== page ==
There are several ways you can add an intro or ending to your tune:
First, decide what key the song is written in. Then, using the charts below, choose a sequence of chords that leads to the first chord of the song. Four-measure intros work well and you can use one chord per measure. For a two-measure intro (great for slow songs), use two chords per measure. For fast songs, an eight-measure intro works using two measures for each chord.
Below are some common chord sequences used for intros:
Notice that the last chord of the intro is always the 7th chord resolving to the Major chord.
For a fuller sound, any minor chord in these intro sequences can be played as a minor 7th (m7).
The following two charts can be used for songs where the first chord of the song is one step higher than the key of the song (Usually the first chord of the song is a minor or minor 7th).
Some of these chord sequences may sound too complex for songs with simpler chords. Try them all and let your ear decide.
4. Replace the last measure of the song by running a scale up to the next octave, ending on the same note the song ends on only one octave higher. You could turn this note into a chord by the same name. This would replace the last measure of the song, but could also add a few measures.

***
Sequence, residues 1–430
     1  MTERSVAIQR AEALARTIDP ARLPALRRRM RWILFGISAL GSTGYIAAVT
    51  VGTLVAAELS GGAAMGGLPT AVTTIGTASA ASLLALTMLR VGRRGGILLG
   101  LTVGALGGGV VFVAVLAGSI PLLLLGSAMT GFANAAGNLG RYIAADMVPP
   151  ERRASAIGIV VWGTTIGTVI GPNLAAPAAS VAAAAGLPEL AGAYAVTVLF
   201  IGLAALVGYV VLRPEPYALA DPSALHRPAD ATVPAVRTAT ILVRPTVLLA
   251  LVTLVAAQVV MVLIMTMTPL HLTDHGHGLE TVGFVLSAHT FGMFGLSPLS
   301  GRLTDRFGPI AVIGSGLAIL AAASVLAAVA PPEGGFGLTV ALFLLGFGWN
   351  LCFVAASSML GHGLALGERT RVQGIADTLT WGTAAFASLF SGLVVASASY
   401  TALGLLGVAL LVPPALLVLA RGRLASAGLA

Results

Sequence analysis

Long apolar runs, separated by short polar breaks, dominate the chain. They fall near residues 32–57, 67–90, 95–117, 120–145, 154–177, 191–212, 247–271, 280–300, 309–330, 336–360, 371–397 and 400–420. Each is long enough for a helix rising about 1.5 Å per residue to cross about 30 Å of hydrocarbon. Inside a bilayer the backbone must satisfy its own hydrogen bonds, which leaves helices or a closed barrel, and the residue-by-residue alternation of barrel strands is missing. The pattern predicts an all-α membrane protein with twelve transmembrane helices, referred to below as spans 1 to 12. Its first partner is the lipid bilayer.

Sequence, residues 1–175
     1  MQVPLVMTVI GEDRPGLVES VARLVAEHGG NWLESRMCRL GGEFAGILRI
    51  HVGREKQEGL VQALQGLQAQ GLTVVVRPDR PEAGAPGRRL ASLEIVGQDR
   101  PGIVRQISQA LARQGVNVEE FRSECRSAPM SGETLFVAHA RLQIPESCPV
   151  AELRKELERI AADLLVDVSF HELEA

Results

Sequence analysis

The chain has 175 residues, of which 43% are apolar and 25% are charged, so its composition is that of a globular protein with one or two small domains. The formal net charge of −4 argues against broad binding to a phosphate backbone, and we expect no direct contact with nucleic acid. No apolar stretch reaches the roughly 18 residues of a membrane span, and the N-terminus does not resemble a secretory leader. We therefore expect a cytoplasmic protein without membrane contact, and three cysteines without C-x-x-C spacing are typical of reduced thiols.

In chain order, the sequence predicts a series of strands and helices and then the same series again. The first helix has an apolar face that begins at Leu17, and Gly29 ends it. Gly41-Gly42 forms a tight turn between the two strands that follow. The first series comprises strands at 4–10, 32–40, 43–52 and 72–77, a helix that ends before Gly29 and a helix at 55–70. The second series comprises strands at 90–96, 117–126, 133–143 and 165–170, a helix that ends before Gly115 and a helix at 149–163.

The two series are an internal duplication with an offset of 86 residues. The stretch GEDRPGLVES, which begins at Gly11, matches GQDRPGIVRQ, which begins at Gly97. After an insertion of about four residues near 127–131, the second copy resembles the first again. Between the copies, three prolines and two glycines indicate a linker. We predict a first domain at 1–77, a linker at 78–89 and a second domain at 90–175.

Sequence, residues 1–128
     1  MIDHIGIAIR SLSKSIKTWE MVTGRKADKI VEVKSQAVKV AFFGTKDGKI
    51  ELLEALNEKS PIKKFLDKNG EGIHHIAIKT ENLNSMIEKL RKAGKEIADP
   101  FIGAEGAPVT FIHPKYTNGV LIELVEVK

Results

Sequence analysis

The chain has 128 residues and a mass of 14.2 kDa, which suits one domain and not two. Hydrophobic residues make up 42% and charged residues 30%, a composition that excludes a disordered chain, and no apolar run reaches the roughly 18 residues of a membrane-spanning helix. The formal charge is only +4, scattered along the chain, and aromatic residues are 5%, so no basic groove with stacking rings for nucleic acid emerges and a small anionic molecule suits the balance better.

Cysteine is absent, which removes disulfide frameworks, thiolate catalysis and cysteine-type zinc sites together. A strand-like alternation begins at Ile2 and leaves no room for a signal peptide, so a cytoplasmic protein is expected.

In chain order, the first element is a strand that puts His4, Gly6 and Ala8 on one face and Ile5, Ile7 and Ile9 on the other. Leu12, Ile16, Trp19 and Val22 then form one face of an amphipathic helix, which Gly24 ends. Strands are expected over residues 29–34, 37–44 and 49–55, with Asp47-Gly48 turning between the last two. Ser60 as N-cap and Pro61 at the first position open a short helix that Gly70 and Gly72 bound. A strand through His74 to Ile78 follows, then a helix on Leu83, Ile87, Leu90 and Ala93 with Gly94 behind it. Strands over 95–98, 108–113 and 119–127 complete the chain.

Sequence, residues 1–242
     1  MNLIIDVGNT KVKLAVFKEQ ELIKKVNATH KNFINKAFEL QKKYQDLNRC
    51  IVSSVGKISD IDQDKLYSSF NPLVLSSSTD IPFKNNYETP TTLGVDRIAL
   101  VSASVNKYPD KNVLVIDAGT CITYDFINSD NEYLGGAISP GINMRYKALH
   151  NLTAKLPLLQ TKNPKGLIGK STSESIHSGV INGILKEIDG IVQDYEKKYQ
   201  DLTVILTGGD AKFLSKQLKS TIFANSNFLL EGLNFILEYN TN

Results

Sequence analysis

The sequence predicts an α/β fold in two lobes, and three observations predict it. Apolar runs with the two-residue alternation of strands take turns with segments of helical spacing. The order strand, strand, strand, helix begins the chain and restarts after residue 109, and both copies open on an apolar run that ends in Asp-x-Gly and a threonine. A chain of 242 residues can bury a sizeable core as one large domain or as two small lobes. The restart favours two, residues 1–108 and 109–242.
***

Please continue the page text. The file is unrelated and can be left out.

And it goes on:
5. Use walk down chords. If your song starts on a low G chord, start with a high G and walk it down to the next G chord.
An example of this would be if your song starts on a 3, 3, 3 (G barre chord), start your walk down at (bass string first) 7, 6, 0 to 6, 6, 0 to 5, 6, 0 to 4, 6, 0 and then the 3, 3, 3.
7, 6, 0 is a two-note inverted "X" G chord (5, 6, 7 to 7, 6, 5 then drop the 5 to find your position).
Try walking other "X" chords down to the next barre chord of the same name.
6. Then for another ending, there is the old "Shave & a haircut".
You just tag it onto your tune when you are done and it sounds like this: da da-da da da -- da da.
This is something that you will hear tagged onto the end of fiddle tunes and old time tunes. It is an old ending and was very popular a generation ago and still gets smiles.
The words are: "Shave and a haircut -- two bits!"
In DAd tuning, it is played on the melody string 7, 4-4, 5, 4 -- 6+, 7.
The entire phrase has a total count of seven beats. You play the first 4 double quick givng it a count of "2 &". Each of the other notes get one count with a one count rest before the 6+ .
If you want to give it more body, play 0, 5, 7 / 0, 5, 4 / 0, 5, 4 / 0, 5, 5 / 0, 5, 4 / (rest) / 4, 4, 6+ / 0, 5, 7.
I hope I have explained this clearly enough so you can understand it. Tull Glazner has another fun ending tabbed out in his book "Dulcified" on page 27.
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